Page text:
Rob Price
Gutbrain Records
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2015 October 26 • Monday

The 394th Soundtrack of the Week is Chumei Watanabe's music for Ore to shamu neko.

The CD has 57 short cues, all very groovy and slinky pieces of music, many of them making very effective use of organ, guitar and percussion.

Some it sounds like Jerry Goldsmith's music for the Flint movies. One track is similar to the song "Sunny".

This might be a soundtrack to a 1969 detective drama but I'm not sure about that.

Whatever the case, it's a great listen!

2015 October 19 • Monday

La-La Land Records is the box set champion. First there was the Friday the 13th series box set (6 CDs), then the Star Trek: The Original Series box set (15 CDs and the 248th Soundtrack of the Week), then the Mission: Impossible box set (6 CDs and the 385th Soundtrack of the Week). Now there's the Lost In Space box set from La-La Land, 12 CDs and the 393rd Soundtrack of the Week.

The sonic landscape of the show was created by a young John Williams, who came up with an arrestingly off-kilter main title theme, one that I remember always being excited by when I used to watch the show as a kid.

Other composers got on board, though, an impressive array of talent from the period: Alexander Courage, Cyril Mockridge, Fred Steiner, Gerald Fried, Hans J. Salter, Herman Stein, Jeff Alexander, Leith Stevens, Warren Barker, Robert Drasnin, Richard LaSalle and Joseph Mullendore.

The music itelf sounds less specific than, say the music for Star Trek abd Mission: Impossible. Maybe that's because I have a much greater familiarity with those shows but whatever the reason, this box set is more like a music library than anything else.

Of course I haven't listened to it all yet. But I'm working on it. Right now!

2015 October 16 • Friday

It's been a while but here we go again. LIMITED FARM BILL FAVORED!

The Deadly Mantis (1957)

And of course that's our old friend BILL AIDS OWNER ON FORECLOSURE at the bottom.

I wish I'd been keeping track of all of these recurring headlines from the very beginning, instead of just LIMITED FARM BILL FAVORED and, my favorite, NEW TAX BILL MAY BE NEEDED.

If I had, I would have been equally excited to see this other BILL AIDS OWNER ON FORECLOSURE.

Don't Knock the Rock (1956)

If you don't know what this is all about, click here.

2015 October 12 • Monday

It's time for some 1960s biker music with the 392nd Soundtrack of the Week. Angels Die Hard!

Most of the music is by this band apparently from Colorado, East-West Pipeline. They have an agreeably sunny sound most of the time.

The first song, "Indian Child", by Dewey Martin & Medicine Ball is a really strong rocking number in the "Born To Be Wild" line.

Fever Tree's "Death Is the Dancer" and Mark Eric's "Night of the Lion" are also catchy and a lot of fun, maybe more pop than rock.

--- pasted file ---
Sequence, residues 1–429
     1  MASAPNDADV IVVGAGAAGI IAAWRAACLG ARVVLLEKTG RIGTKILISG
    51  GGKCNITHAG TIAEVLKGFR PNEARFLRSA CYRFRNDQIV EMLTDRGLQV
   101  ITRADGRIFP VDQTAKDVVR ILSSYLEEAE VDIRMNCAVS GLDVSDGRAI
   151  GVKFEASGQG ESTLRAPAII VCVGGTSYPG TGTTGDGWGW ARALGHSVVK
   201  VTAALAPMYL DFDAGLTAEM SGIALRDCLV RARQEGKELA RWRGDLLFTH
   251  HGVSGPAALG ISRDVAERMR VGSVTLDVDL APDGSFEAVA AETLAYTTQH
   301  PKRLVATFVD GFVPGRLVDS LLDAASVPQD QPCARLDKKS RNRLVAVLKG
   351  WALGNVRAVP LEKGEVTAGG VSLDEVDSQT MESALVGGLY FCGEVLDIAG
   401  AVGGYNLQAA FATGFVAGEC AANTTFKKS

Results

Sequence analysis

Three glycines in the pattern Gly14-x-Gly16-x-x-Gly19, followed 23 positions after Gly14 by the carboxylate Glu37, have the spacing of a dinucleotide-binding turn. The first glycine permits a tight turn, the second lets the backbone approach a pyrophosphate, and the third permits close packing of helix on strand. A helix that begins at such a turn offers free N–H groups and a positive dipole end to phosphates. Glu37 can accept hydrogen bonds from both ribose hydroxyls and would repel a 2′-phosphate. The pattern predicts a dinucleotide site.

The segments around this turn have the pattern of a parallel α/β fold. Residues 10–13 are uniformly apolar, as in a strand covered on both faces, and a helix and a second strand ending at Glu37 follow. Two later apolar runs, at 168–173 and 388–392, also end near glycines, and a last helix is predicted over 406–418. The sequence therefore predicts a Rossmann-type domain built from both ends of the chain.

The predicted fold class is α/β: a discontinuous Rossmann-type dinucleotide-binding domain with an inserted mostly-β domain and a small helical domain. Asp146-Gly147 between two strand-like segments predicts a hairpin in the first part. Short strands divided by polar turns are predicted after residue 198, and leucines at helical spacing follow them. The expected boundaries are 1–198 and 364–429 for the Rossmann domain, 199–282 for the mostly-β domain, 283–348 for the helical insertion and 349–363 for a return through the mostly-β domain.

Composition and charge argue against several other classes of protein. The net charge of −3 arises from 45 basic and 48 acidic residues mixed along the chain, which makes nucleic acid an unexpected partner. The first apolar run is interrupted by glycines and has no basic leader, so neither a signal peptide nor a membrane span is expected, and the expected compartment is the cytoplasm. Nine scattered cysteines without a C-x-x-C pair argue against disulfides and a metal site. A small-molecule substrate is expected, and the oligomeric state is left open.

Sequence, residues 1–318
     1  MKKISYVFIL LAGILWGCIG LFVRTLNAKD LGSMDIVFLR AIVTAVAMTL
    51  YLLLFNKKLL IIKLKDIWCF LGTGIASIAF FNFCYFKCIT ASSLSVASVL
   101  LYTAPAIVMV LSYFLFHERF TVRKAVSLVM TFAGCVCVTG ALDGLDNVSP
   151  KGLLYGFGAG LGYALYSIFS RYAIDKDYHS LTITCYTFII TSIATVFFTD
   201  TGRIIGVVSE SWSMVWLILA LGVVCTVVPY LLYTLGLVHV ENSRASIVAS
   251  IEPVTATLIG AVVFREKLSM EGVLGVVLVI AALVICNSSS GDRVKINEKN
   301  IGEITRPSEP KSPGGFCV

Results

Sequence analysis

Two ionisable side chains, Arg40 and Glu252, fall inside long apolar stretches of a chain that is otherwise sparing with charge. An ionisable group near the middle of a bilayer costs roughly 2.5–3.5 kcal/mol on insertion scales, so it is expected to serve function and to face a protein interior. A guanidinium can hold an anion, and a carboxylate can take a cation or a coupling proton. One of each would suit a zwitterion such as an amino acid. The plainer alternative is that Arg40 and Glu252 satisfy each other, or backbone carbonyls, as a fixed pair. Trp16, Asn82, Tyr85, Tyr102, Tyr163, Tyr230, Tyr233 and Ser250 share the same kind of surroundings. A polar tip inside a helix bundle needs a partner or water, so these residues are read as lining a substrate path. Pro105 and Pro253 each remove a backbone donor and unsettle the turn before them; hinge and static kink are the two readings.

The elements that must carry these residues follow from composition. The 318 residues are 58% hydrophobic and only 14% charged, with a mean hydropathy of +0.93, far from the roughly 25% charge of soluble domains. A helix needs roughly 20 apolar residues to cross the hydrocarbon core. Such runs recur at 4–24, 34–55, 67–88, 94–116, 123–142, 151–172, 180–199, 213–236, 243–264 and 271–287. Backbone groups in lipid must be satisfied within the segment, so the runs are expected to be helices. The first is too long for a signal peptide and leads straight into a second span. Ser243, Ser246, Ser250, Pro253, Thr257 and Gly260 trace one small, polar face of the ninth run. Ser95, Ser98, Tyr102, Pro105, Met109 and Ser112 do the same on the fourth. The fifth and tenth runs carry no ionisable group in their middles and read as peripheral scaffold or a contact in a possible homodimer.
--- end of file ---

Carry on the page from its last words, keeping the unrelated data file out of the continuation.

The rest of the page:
It ends on a heavy psychedelic note with Rabbit McKay's "Tendency To Be Free".

2015 October 09 • Friday

When New York's Museum of Modern Art had an exhibit of the Stenberg brothers' movie posters, I went to see it several times. Something about it grabbed me and wouldn't let go.

The book of the show was nowhere near as good as the show itself and even a later Taschen book, much nicer, couldn't get close to the originals. I guess that's why it matters to be able to be in the same room with the real thing.

But it hasn't stopped me from buying books of movie posters. And here's a new, interesting one, with a pretentious title and a hefty price tag ($100): Nicholas Winding Refn: The Act of Seeing.

For the record, I'm a Refn fan. I don't love everything that he does but he's one of the only interesting filmmakers working, as far as I'm concerned.

But this lovely book, beautifully produced and printed, showcasing mostly sleazy Times Square movie posters from the '60s, is not about Winding Refn. He bought a huge collection of these posters and made a selection for this book.

It doesn't seem to have much more to do with "the act of seeing" than anything else does. The fine art packaging does result in a superb presentation and perhaps they couldn't shift these things without making it seem like some kind of highbrow event.

If you like movie posters and it's within your budget then, sure, go for it.

2015 October 07 • Wednesday

Steve Cropper has a cameo in the "Weird Al" Yankovic movie The Compleat Al!

He's one of several guitarists who audition for Al's band. He plays the opening to "Soul Man" but somehow doesn't get the gig.

I was going to write "the great Steve Cropper" up there but that's redundant.

2015 October 05 • Monday

The 391st Soundtrack of the Week is Carny, which has music by Robbie Robertson and Alex North.

The music is split into two parts, with Robertson coming up with source music for the carnival itself and North writing the underscore.

Apparently North was Robertson's first and only choice and came out of retirement to do this.

The songs and instrumentals on the midway side are really good, featuring some of Robbie's guitar playing and Dr. John on organ.

North wrote some typically interesting, enchanting and beautiful music for his half.

This is an unusual record but a lovely one!

2015 October 02 • Friday

A couple of weeks ago you could have found me at the Brooklyn Books, Art, Photos and Design Expo in Greenpoint. I wasn't worried about spending a lot of money because I figured most things would be too expensive to consider buying. I was right!

But not every desirable object was out of reach. I bought two books for a total of thirty dollars.

It's still hard for me to believe that this one was so affordable!

Look at that cover!

While I frequently buy books just because I like the covers, I also have to tell myself that I will read them someday. This sometimes leads me into some mild self-deception but I think that I will curl up with The Infinite Brain one of these days.